Difference between revisions of "Gendered Frames in Facebook News Headlines about Filipino Women Politicians"

 
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An undergraduate thesis by Samantha M. Gabronino and Brian Angelo C. Sereneo''
 
An undergraduate thesis by Samantha M. Gabronino and Brian Angelo C. Sereneo''
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[[Category: Theses]][[Category: CMC Thesis]][[Category:Department of Communication Research]][[Category:2019 Thesis]][[Category:Thesis--Communication]][[Category:Thesis--Gender and Politics]]

Revision as of 19:12, 19 December 2019

Gendered Frames in Facebook News Headlines about Filipino Women Politicians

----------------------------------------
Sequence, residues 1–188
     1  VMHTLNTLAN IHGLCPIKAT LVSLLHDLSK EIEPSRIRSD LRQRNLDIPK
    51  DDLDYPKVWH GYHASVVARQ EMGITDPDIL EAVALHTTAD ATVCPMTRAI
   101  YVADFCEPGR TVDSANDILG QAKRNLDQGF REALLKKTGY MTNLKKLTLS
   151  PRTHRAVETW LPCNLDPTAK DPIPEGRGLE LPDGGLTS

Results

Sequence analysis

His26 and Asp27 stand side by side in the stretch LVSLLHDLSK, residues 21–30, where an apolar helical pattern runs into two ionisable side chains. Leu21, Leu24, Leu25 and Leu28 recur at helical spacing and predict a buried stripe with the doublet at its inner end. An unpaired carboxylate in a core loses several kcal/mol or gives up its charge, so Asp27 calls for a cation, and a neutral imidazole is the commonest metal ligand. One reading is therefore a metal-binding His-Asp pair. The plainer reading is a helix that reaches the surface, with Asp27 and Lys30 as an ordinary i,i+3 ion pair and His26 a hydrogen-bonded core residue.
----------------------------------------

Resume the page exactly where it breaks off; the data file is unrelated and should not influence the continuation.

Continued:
Given the mediatized manner of modern-day politics, Filipino audiences have migrated to the digital sphere of Facebook in order to receive news about politicians and the issues to which they are afflicted with. Previous studies, mostly western, have already warned that women in politics are “othered”, as they are considered to be outsiders of the public sphere. Thusly, there exists a need to investigate how Filipino women are covered by the press under the country’s current misogynist socio-political landscape. This study employed the Reception and Framing theory and placed emphasis on the existence of echo chambers in Facebook. Third world and Socialist feminism were then used to synthesize the operational framework. This study investigated the news posts under the National news section shared by Rappler, Inquirer, and Manila Bulletin to their Facebook pages. A total of 44, 421 news articles were collected through web scraping. From the latter data set, 400 news articles were randomly selected and analyzed through content analysis. Aside from using textual analysis to uncover emergent frames, Corpus Linguistics analysis was also used in documenting the lexical units used by the press in covering Filipino women politicians. A total of 15,355 words were collected. Congruent with previous literature, the findings reveal that Filipino women politicians were given limited coverage, and were typically framed in paradoxical characteristics. Furthermore, they were placed in story-like narratives by the press. However, the findings also suggest acts of resistance manifested by the women and the journalists. -- An undergraduate thesis by Samantha M. Gabronino and Brian Angelo C. Sereneo